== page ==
Beat the weather became the next mission; after fresh food shopping in the covered market there was a hasty retreat to the boat to start the 8 lock retreat from Chester. The Northgate three lock staircase drew a small crowd; by the time Cleddau reached the top lock a new theatre studies graduate had taken over paddle-winding, her family and another dealt with the gates
while Boatwif fielded questions and delivered an impromptu history of the canals lecture...
Three down, five to go: on round past the ancient city walls and under the Bridge of Sighs...
Another boat shared locks 5 to 8, the rain arrived at 4 o’clock, an open umbrella was spotted at 4.15 and later the Cleddau crew queued to eat at a Harvester pub where, post bank holiday, 16 items on the menu were “off”, replenishments expected tomorrow...

     On balance though, it was a good sort of day!
      Tomorrow, on towards Barbridge Junction.

Tuesday, 28 May 2013

An umbrella day

Ellesmere Port to Chester: 8.5 miles, 2 locks
     It was a great day for umbrellas – but less of a good one for boat mooring.
     Get up the two locks early from the lower basin before there was any boat traffic, assemble rubbish for drop off at the bins behind the Visitor Centre, sort laundry for the washing machine, refill with water, proceed to Chester, find a good mooring at Tower Wharf – that was the plan.
     Coming up the locks was straightforward enough, though slow, as one paddle only is to be used to drain the top lock.
In twenty minutes the boat was at the upper level – but unable to move further. The museum trip boat was still moored outside the cafe blocking the lock exit, a second trip boat was manoeuvring to get to the water point,
another boat was moored ahead – another arrived from Chester
and another followed up the locks from an overnight mooring below. “We need to fill up with water,” Boatwif explained. Ropes were passed and tugged and returned; the newer trip boat shuffled forward to load her passengers and that gave Cleddau the best chance yet of a drink from the tap. There still remained the issue of getting the hose pipe over the very high bow of the museum trip boat.
Try throwing a flat hose as if it were a rope... try a second time and that might be more successful.A full ninety minutes after first starting out the boat was ready to continue – away from petro-chemical chimneys and motorway bridges and scrubby grass and back towards Chester. Fine spots of rain began to float down – then drizzle – then steadier rain. The Captain grabbed his favourite large umbrella and continued south.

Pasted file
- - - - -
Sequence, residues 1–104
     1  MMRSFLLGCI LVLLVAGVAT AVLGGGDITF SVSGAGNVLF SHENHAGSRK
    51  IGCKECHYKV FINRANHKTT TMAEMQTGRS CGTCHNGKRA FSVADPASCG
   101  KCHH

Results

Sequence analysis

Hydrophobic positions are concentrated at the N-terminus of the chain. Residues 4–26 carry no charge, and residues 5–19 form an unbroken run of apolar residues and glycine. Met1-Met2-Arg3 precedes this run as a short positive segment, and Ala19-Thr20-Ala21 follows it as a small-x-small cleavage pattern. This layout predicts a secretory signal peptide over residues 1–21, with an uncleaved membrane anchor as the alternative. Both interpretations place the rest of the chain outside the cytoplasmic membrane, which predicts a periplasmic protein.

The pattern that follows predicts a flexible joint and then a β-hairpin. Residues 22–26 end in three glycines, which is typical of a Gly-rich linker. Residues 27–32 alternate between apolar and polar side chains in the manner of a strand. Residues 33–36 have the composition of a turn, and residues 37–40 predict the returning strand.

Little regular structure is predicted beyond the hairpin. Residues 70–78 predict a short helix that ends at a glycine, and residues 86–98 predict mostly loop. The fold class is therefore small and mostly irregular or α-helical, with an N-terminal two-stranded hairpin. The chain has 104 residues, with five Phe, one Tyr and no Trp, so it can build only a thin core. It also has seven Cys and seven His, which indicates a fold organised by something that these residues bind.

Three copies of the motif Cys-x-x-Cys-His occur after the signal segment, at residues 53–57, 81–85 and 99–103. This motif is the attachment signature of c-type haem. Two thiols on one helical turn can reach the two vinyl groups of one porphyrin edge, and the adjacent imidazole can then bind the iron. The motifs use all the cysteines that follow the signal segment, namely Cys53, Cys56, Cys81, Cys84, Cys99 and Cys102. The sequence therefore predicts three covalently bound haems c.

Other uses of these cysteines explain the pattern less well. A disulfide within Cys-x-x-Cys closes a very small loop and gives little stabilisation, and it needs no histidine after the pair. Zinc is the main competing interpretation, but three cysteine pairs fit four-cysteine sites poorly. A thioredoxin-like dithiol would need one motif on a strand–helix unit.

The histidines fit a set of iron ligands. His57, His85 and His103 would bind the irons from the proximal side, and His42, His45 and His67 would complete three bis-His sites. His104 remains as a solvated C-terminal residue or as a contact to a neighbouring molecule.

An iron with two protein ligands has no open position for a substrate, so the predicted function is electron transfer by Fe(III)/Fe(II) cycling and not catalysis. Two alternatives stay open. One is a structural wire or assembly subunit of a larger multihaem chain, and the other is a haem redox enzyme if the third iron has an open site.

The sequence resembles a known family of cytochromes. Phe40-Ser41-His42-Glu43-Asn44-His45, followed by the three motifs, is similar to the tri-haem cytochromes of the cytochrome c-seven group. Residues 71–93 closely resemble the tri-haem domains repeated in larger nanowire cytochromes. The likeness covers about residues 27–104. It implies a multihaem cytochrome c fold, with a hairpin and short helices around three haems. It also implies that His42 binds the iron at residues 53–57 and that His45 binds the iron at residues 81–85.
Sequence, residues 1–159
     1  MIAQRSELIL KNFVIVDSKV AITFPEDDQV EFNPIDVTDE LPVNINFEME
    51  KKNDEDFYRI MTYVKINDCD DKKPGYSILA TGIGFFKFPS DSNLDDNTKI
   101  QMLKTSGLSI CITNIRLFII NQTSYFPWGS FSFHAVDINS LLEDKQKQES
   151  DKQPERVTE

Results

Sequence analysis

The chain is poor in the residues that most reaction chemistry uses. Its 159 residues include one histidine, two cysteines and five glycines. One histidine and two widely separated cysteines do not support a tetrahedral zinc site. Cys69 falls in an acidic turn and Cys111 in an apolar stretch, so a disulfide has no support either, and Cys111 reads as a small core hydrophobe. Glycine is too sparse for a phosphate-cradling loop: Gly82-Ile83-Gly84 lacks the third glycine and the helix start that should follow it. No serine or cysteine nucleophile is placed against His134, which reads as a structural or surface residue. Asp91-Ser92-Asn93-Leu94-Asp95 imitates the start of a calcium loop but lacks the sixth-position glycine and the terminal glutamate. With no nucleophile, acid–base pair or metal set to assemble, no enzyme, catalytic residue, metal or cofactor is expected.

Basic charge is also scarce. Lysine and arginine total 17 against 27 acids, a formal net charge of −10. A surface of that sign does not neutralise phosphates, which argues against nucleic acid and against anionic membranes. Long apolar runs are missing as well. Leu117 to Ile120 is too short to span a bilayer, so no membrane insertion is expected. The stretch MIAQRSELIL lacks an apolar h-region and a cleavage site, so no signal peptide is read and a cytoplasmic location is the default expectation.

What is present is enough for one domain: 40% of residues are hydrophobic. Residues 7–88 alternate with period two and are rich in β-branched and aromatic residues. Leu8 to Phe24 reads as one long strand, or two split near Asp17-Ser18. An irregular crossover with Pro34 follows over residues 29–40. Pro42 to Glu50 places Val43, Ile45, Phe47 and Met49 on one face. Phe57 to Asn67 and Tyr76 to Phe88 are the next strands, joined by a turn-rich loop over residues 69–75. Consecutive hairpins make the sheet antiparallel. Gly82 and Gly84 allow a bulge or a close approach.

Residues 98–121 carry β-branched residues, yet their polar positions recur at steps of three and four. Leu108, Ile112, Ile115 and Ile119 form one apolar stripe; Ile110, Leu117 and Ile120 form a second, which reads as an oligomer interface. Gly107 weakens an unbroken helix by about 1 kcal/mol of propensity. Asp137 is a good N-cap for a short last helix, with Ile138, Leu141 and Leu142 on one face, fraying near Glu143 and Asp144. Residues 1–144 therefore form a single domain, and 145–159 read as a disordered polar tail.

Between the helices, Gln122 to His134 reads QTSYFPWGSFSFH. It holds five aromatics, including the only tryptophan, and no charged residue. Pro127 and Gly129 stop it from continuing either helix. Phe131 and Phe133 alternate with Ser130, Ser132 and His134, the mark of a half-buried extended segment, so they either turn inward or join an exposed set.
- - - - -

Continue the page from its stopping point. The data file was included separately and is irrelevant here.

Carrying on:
At one point the stern of a boat was adrift it seemed in the centre of the canal. It soon became apparent that the efforts of two chaps to install fencing around a drinking hole for stock was being closely supervised by many pairs of eyes...
Back towards Chester - golfing umbrellas in evidence.
Closer to the city – umbrellas along the towpath. The garden elephant was enjoying the rain,
a blue whale too!

      Mooring up proved every bit as frustrating as the watering incident earlier in the day: no room in Tower Wharf basin, shallow water along the towpath, finally deeper water but lack of holes onto which to secure mooring ropes. Meanwhile the rain rained harder...
      Against usual practice Boatwif succumbed to weather conditions and took a short blue umbrella on her mission up to the city centre. Without it she would have felt severely under-dressed!
      There’s a Bridge of Sighs over which prisoners used to be taken for their Last Rites before execution: below lurks the canal
Cleddau had passed along on sunny Saturday. Soon Chester’s famous black and white double decker shops were in view.
Chester is a popular destination; a group of American tourists exchanged news of their lunch-time menus while within one shop Welsh (with a North Wales accent) was heard. It’s a prosperous-looking place, although a bridal gallery has closed. Five or six steps down below street level was a Cath Kidston store. Now that’s a successful business, there’s a large warehouse with that name alongside the M1 somewhere in the East Midlands. Just look at the seaside names on this bag: 
emit a sigh, return to the street and push up the umbrella again! Outside on the street there were umbrella gatherings
– and umbrellas in use as rain cover for street traders’ stalls!